On Saturday evening, as part of the Informed Choice sponsored Cranleigh Literary Festival, I attended a talk about WWII heroine Violette Szabo.
Her daughter Tania spoke for more than an hour about the life of her mother Violette, who was the subject of the book and subsequent 1958 film Carve Her Name With Pride, starring Virginia McKenna.
The story of Violette Szabo is incredible.
Born in Paris in 1921 to a French mother and English father, Violette returned to London and married French Foreign Legionnaire, Etienne Szabo close to the start of the War.
Etienne was killed in North Africa and, expecting her first child with him, Violette joined the Special Operations Executive (SOE), initially training at Winterfold House in Cranleigh.
It was during her second mission in occupied France that Violette was captured by the SS, after running into a road block close to Limoges.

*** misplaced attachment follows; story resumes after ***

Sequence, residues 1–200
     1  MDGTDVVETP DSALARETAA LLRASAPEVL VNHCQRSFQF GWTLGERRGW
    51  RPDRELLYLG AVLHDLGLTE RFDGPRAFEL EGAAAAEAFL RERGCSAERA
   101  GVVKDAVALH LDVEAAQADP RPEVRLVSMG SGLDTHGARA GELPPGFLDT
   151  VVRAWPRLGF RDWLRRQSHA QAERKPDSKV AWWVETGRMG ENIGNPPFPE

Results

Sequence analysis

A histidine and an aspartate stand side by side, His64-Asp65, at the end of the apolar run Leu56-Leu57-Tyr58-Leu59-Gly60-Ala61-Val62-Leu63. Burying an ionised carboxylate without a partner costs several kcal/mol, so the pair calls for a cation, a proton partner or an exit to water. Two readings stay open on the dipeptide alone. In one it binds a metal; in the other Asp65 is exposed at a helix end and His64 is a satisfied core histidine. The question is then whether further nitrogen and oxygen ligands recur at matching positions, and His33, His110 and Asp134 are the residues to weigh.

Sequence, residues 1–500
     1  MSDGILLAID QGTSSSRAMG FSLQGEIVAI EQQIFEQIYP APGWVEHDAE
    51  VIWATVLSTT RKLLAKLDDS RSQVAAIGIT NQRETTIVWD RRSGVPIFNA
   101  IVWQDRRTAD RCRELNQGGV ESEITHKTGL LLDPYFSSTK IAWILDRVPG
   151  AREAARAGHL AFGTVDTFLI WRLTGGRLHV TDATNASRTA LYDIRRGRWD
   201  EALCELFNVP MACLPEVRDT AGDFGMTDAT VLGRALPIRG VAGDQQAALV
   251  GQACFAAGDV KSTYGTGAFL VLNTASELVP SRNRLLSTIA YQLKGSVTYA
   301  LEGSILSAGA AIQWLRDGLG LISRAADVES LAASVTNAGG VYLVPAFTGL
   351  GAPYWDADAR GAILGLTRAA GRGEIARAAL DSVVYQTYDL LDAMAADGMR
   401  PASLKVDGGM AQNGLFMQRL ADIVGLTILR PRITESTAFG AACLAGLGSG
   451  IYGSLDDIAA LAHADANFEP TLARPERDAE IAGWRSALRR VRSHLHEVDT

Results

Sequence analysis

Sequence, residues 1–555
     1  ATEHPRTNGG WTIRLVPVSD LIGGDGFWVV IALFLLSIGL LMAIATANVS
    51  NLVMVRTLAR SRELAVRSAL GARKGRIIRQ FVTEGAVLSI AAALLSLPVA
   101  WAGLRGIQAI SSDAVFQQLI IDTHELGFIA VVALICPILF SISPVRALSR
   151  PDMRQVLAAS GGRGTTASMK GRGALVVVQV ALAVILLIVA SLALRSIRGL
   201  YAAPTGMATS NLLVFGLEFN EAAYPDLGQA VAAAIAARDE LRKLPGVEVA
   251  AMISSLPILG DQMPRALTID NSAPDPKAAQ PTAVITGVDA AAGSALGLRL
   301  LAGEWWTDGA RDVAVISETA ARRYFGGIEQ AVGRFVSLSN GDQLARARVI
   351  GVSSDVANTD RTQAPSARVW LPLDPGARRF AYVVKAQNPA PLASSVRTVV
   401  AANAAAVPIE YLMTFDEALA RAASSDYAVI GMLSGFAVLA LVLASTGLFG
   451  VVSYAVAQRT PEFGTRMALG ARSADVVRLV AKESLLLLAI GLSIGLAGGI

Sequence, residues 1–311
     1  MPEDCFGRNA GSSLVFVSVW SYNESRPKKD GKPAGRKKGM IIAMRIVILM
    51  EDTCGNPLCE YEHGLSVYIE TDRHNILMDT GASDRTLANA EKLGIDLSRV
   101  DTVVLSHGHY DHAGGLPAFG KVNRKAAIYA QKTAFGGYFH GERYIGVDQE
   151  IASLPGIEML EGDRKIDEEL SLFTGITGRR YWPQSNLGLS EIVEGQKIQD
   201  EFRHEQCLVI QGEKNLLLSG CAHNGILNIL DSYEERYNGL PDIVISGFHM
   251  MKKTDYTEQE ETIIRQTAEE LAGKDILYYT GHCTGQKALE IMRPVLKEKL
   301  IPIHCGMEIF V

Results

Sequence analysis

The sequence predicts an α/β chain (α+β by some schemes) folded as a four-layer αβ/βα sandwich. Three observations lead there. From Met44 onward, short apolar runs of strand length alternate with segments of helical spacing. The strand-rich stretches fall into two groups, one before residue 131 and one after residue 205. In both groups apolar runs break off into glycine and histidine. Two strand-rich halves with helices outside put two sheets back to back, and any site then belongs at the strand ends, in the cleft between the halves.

She was subsequently executed at Ravensbruck concentration camp in January or February 1945.
Hearing her daughter Tania share this story, I initially couldn't understand how a parent could leave their young child behind to become a secret agent.
Was her desire for vengeance following the death of her new husband really more important than being a mother to a new baby? What did her daughter now think of her mother's decision to take on such dangerous missions?
Of course we must all follow our own path in life.
Violette did what she believed was right; fighting to protect her countries, Britain and France, and her family, which of course included her new daughter.
There was nothing selfish in this decision, which was made for all of the right reasons, and encapsulated her bravery in face of such difficult circumstances.
Ms Szabo, an Anglo-French undercover agent who was executed at a concentration camp aged just 23 in 1945, was one of four women to be awarded the George Cross, the UK's second highest military honour.